Recruits.

Oral Answers to Questions — British Army. – in the House of Commons on 3rd May 1938.

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Photo of Major-General Sir Alfred Knox Major-General Sir Alfred Knox , Wycombe

asked the Secretary of State for War the number of applicants for enlistment in the Regular Army in the quarter ended 31st March, 1938, and the number of these men approved as recruits; and how these figures compare with those for the corresponding months in 1937?

Photo of Mr Leslie Hore-Belisha Mr Leslie Hore-Belisha , Plymouth, Devonport

The number of applicants for enlistment in the Regular Army in the first quarter of this year was 16,701. In the corresponding quarter of last year it was 13,830. The numbers accepted in these periods were 10,504 this year, and 7,116 last year.

Photo of Mr Thomas Kennedy Mr Thomas Kennedy , Kirkcaldy District of Burghs

Have the War Office any information regarding the number of applicants for enlistment who were unemployed at the time?

Photo of Mr Leslie Hore-Belisha Mr Leslie Hore-Belisha , Plymouth, Devonport

I have not the information at the moment, but the majority of those who enlisted were in employment before they enlisted.

Photo of Mr George Griffiths Mr George Griffiths , Hemsworth

Is the Army attracting a better quality of men now that they are being given an increased wage, as shown on the tape to-day?

Vice-Admiral Taylor:

Is it not the fact that they have a very good job now?

Photo of Mr Leslie Hore-Belisha Mr Leslie Hore-Belisha , Plymouth, Devonport

The quality of all people in this country is getting better and better.

Photo of Mr George Griffiths Mr George Griffiths , Hemsworth

Is it because they are getting butter instead of margarine?

Photo of Major-General Sir Alfred Knox Major-General Sir Alfred Knox , Wycombe

asked the Secretary of State for War what percentage of the applicants for enlistment were approved as recruits in the quarter ended 31st March, 1938; and how this figure compares with the percentage in the same quarter in 1937?

Photo of Major-General Sir Alfred Knox Major-General Sir Alfred Knox , Wycombe

Does that mean that the percentage of applicants accepted is going up; and does my right hon. Friend consider that by the end of the year he will have made up the present shortage in the armed forces?

Photo of Mr Leslie Hore-Belisha Mr Leslie Hore-Belisha , Plymouth, Devonport

The answer to the first half of the supplementary question is that the percentage of applicants has, I am glad to say, gone up. With regard to the future, I would not be so indiscreet as to be precise, but more and more men are enlisting every week as compared with last year.

Photo of Major-General Sir Alfred Knox Major-General Sir Alfred Knox , Wycombe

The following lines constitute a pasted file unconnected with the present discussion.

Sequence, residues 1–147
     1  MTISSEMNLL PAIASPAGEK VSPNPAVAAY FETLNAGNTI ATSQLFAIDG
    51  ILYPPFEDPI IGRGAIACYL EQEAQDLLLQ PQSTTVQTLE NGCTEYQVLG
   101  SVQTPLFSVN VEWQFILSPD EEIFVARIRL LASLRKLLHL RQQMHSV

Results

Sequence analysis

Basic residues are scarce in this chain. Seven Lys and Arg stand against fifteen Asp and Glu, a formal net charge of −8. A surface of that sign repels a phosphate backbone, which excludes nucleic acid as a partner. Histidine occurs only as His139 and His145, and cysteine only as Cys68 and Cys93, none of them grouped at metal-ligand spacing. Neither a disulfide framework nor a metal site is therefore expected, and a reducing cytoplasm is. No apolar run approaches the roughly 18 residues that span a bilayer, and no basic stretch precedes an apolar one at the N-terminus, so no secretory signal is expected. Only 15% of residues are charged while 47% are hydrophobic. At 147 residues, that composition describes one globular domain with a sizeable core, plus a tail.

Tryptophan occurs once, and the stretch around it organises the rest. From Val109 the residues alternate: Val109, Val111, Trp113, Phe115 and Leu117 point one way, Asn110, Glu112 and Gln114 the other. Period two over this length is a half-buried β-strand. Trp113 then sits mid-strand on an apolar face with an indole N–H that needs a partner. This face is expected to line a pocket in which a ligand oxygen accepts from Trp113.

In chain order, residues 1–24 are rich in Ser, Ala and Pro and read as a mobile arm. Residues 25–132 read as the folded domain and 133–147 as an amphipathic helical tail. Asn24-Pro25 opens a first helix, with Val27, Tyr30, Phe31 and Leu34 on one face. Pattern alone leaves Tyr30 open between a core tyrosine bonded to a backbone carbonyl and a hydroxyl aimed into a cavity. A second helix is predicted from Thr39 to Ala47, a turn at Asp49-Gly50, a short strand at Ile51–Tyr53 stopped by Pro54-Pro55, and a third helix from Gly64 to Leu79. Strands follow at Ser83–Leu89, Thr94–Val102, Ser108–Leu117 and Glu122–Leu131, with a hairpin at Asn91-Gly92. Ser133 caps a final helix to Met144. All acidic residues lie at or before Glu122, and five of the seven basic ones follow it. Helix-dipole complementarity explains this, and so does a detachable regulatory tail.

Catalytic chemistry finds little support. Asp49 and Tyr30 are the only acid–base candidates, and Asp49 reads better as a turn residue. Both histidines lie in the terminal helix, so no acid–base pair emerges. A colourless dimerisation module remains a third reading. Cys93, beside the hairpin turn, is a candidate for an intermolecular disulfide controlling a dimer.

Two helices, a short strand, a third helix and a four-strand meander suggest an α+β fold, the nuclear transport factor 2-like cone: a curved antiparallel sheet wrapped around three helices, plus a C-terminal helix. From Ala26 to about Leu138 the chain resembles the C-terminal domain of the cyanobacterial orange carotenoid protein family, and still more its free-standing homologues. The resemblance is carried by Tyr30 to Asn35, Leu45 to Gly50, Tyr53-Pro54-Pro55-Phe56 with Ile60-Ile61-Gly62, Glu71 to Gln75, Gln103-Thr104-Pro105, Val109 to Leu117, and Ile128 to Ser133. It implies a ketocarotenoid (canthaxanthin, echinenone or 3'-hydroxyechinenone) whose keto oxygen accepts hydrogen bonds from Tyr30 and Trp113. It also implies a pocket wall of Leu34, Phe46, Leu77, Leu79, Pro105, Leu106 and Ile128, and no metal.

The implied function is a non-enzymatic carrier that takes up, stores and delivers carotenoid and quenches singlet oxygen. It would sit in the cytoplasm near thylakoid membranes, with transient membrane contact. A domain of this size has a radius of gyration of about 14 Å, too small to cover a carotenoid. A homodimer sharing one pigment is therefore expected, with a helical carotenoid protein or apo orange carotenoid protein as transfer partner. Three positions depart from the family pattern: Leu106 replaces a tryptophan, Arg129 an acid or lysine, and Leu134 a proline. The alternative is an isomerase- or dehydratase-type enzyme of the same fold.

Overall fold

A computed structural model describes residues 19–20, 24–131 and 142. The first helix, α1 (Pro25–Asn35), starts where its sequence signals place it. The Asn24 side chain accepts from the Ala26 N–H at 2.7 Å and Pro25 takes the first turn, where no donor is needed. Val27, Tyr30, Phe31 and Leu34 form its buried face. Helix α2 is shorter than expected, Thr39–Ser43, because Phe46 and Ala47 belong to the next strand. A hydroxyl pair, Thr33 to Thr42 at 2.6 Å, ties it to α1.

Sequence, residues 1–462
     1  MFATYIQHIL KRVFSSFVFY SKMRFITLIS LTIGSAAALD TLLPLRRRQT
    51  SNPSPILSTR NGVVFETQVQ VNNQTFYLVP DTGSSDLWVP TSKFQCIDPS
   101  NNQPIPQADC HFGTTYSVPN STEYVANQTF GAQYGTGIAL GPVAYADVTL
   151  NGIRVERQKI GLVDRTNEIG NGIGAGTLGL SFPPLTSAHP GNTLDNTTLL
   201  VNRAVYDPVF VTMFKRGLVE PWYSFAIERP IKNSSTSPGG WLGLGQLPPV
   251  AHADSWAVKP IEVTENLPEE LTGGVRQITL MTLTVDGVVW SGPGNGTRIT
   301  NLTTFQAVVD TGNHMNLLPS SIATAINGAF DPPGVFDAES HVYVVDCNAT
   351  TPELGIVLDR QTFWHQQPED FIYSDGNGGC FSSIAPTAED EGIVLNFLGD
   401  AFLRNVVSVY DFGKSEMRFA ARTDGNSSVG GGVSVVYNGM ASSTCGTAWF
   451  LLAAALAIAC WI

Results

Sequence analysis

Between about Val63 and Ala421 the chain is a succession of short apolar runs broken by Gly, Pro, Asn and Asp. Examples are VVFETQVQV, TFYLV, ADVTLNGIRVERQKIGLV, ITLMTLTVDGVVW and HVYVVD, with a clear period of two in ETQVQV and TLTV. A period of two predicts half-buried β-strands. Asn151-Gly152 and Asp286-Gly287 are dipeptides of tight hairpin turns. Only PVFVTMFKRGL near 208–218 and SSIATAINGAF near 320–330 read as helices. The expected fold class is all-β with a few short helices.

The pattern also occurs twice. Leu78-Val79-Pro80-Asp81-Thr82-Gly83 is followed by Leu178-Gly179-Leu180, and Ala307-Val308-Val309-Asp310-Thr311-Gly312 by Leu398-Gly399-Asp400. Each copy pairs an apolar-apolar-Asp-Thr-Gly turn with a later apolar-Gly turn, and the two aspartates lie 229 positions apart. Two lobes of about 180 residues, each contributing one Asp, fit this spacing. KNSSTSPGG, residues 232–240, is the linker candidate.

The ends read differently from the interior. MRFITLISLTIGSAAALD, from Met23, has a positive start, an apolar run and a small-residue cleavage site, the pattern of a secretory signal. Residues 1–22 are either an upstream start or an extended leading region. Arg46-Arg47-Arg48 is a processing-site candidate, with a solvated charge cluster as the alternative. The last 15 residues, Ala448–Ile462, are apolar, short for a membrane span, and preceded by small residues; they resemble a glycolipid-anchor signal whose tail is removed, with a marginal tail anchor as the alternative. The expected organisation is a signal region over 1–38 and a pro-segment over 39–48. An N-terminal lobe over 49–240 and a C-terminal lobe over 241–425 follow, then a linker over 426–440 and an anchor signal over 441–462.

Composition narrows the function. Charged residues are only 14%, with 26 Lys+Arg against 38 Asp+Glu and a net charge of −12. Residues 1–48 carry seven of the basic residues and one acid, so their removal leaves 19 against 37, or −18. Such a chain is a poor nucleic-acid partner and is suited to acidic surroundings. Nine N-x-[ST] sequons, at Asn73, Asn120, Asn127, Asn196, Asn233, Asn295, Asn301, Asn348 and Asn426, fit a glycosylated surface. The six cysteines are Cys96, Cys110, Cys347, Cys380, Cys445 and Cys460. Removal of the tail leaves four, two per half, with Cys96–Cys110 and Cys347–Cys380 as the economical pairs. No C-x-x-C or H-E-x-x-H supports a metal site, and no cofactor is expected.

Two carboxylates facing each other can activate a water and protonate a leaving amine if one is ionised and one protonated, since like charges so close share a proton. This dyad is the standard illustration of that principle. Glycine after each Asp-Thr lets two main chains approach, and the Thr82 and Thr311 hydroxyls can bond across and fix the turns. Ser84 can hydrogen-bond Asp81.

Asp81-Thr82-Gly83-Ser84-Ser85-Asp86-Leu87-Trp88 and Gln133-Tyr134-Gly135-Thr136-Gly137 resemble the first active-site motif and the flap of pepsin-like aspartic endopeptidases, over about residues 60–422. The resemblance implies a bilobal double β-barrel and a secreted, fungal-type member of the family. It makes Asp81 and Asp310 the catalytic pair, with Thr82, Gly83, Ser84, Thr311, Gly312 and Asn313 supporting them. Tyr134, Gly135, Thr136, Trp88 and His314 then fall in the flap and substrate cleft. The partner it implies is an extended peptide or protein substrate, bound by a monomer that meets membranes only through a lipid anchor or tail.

Will my right hon. Friend consider giving some further inducements in order to get the larger number of recruits which is still necessary in order to make up the shortage this year? Does he think he will reach the number of 54,000 recruits required this year to complete the establishment?

Mr. Hare-Belisha:

In every respect conditions in the Army are improved and improving.

Photo of Mr Robert Taylor Mr Robert Taylor , Morpeth

Would the percentage have been the same had the standard been maintained, instead of having been, as I understand, lowered?

Photo of Mr Leslie Hore-Belisha Mr Leslie Hore-Belisha , Plymouth, Devonport

I could not say without notice, but I do not admit that the standard has been lowered. It has been revised in accordance with common sense, but that revision is not in itself responsible for the increase, which is a substantive increase.

Photo of Major-General Sir Alfred Knox Major-General Sir Alfred Knox , Wycombe

asked the Secretary of State for War what number of men were approved as recruits in the first quarter of the present year who would not have been accepted under the standards, medical and otherwise, in force previous to last autumn?

Photo of Mr Leslie Hore-Belisha Mr Leslie Hore-Belisha , Plymouth, Devonport

The common sense changes which have been made in the medical and other standards for recruits secured for the Army during the first quarter of this year an extra 1,733 men, out of a total of 10,504 accepted.

Photo of Major-General Sir Alfred Knox Major-General Sir Alfred Knox , Wycombe

Does this number given by the right hon. Gentleman include the older men, who would not formerly have been accepted, and married men, as well as men with less qualifications as regards hearing and sight?

Photo of Mr Leslie Hore-Belisha Mr Leslie Hore-Belisha , Plymouth, Devonport

The statement I have made is a complete answer to the question that was put.

Photo of Major Frank Heilgers Major Frank Heilgers , Bury St Edmunds

What percentage of these sub-standard recruits go to the Canterbury Depot?

Photo of Mr Leslie Hore-Belisha Mr Leslie Hore-Belisha , Plymouth, Devonport

These are not substandard recruits. Those who have been to the Canterbury Depot passed into the Army on the full standard after receiving training. They are brought up to full standard, and are not included in these figures.

Photo of Mr Ernest Thurtle Mr Ernest Thurtle , Shoreditch

Does the right hon. Gentleman suggest that common sense was conspicuously lacking at the War Office until he went there?